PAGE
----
On the City of Spokane website you can read and comment on a new Sustainability Action Plan developed over the past two years by dozens of citizen volunteers and area businesses.
This plan is required by the city’s 2018 Sustainability Ordinance, which aims to reduce emissions and to deal with climate damage’s steeply rising costs.
One of the plan’s most important measures requires that builders “eliminate gas hookups from all new commercial and multifamily residential buildings by 2023, and from all new construction by 2028.” This would put Spokane in good company with 45 other American cities whose laws require builders to begin installing more climate-friendly heating systems. These cities range from communities smaller than Spokane all the way to New York, Seattle, Denver and San Francisco.
Here is why this switch from gas in new construction is so vital:
1. Worldwide, buildings account for more greenhouse gas pollution than anything else does. In Spokane and across Washington, heating buildings is second only to transportation as a climate threat.
2. The gas industry is vastly more polluting than we once thought it to be, due to massive leaking and venting of methane, the main component of natural gas. This is throughout the whole system, but especially in production fields where the leaks are hardest to stop.
3. This methane is a strong greenhouse gas, which, over the 12 years it usually stays in the air, warms the climate 84 times faster than CO2.
4. The United Nations announced last week that in order to meet Paris Climate Agreement goals we must cut methane emissions 45% by 2030, and that this is possible at low cost, using existing technology.
5. The oil and gas industry accounts for more than half of the huge increase in atmospheric methane since 2008, when fracking took off. We know this because the chemical signature of fossil methane is different than that of natural methane from cattle and rotting vegetation, so it can be tracked.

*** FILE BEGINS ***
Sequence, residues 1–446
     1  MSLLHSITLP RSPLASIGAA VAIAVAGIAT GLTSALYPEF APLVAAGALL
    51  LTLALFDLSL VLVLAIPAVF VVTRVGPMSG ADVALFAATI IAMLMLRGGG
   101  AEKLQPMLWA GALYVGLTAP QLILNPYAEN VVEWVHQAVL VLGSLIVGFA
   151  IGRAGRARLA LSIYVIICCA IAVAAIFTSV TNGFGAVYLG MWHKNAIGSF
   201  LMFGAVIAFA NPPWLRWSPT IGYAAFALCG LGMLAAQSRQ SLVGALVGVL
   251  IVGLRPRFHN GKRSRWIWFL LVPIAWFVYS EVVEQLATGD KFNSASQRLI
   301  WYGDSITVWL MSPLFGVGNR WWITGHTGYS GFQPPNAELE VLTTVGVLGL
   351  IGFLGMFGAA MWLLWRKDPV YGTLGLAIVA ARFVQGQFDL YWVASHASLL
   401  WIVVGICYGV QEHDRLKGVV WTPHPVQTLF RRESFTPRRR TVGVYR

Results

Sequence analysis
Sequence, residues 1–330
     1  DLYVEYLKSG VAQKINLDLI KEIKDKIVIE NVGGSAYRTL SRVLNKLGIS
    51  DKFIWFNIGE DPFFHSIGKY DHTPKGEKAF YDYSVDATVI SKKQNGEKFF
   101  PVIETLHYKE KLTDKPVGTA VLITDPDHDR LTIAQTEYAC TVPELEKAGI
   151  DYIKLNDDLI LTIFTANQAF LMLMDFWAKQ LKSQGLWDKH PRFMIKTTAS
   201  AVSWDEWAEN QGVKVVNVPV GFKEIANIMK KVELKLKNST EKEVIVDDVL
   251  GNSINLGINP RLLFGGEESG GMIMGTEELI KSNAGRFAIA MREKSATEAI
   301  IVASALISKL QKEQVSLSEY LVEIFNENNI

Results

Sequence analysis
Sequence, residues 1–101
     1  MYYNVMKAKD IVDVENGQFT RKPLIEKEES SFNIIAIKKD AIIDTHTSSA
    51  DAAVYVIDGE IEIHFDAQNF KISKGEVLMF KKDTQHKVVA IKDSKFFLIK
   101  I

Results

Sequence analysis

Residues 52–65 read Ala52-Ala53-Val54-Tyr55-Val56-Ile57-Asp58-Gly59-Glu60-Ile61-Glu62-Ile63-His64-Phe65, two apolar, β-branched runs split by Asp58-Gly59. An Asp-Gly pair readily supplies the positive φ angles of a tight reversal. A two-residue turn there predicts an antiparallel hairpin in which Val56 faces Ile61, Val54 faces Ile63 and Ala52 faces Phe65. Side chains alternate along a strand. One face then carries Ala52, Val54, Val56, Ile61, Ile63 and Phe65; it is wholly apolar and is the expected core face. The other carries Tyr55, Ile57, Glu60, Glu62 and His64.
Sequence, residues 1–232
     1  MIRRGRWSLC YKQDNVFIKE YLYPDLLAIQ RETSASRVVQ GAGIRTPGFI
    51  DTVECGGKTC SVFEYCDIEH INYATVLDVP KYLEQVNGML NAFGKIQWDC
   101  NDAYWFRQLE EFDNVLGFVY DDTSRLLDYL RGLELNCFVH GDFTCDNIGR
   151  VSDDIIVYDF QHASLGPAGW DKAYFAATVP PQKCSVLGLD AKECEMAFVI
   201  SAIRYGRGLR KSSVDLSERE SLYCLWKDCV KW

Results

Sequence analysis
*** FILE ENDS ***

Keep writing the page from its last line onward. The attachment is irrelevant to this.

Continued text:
6. Fossil gas also emits carcinogenic compounds such as benzene, arsenic and formaldehyde – not things you want in your home.
7. Healthy, climate-friendly alternatives are easy and affordable when built into new buildings. Newer electric heat pumps perform well even in below-zero winter temperatures, and they do double duty as air conditioners in summer.
Windows, doors and wall construction methods are better insulating now. Induction stoves are faster, safer and healthier than gas stoves.
8. Washington’s electricity is America’s cheapest and cleanest, so we should be the first to electrify.
9. Gas costs more than you think, with its price artificially lowered by subsidies that you pay through your gas bills and taxes. Avista alone pays a builder hundreds of dollars to install a gas furnace and water heater – money that comes from you as a ratepayer yet costs you in climate damage.
10. Gas cost is headed up now that Washington will price carbon emissions, and the U.S. Government probably will before long. All as billions in subsidies we taxpayers now give the oil and gas industry each year will inevitably decline, also raising the price of gas.
11. Washington law already targets 2031 for all new buildings in Washington to be carbon neutral, so Spokane would be a little ahead of the curve.
Finally, being ahead of the curve is a good place to be for a city whose brand hinges on the environment. We brag of being “Near Nature, Near Perfect.” We show off our newly clean, healthy river to visitors in strolls and bike rides along a world-class Centennial Trail. National media call us an outdoor lifestyle city, and many of us live here for that. Let’s walk the walk.
The climate mess is deadly serious, so we are glad to see Spokane taking it seriously. The city’s Sustainability Action Plan is a fine road map for navigating the challenges ahead. We urge you to read and support it.
David Camp is a Spokane-area business owner, a founding board member of climate activism nonprofit 350 Spokane, and a member of the Sustainability Action Subcommittee that crafted the city’s new Sustainability Action Plan.
Emily Grant is completing her master’s degree in public health while studying the long-term health effects of wildfires. She also serves as a board member of 350 Spokane.
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